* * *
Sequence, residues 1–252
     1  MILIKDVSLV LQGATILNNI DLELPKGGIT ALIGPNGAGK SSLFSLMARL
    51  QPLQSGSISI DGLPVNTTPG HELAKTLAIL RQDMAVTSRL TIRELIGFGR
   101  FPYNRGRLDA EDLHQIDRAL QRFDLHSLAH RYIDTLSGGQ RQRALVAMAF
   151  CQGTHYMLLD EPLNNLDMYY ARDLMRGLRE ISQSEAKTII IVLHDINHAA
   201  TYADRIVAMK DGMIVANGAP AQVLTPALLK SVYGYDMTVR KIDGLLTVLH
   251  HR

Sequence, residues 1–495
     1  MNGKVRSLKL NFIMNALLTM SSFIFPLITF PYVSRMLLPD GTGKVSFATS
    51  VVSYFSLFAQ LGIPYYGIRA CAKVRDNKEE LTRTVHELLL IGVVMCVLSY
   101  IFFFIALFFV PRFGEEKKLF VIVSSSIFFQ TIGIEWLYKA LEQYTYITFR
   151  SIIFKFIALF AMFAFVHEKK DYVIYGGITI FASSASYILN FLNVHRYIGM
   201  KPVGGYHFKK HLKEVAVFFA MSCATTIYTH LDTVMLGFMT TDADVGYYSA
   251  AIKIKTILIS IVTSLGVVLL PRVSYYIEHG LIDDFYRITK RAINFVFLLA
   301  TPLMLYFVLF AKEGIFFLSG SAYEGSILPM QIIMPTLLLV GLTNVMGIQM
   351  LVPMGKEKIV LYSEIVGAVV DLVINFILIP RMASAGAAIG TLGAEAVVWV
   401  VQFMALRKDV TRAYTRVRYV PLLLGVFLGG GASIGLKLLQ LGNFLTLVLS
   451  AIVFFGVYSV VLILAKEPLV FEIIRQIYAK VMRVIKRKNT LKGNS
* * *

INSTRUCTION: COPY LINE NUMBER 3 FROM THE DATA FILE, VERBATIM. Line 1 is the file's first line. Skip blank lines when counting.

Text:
    51  QPLQSGSISI DGLPVNTTPG HELAKTLAIL RQDMAVTSRL TIRELIGFGR